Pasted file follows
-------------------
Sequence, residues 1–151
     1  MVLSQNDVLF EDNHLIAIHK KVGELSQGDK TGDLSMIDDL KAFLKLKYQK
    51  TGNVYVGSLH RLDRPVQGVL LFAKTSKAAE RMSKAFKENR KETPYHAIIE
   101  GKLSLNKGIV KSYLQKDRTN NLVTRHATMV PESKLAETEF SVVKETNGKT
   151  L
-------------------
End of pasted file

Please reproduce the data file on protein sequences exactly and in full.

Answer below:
Sequence, residues 1–151
     1  MVLSQNDVLF EDNHLIAIHK KVGELSQGDK TGDLSMIDDL KAFLKLKYQK
    51  TGNVYVGSLH RLDRPVQGVL LFAKTSKAAE RMSKAFKENR KETPYHAIIE
   101  GKLSLNKGIV KSYLQKDRTN NLVTRHATMV PESKLAETEF SVVKETNGKT
   151  L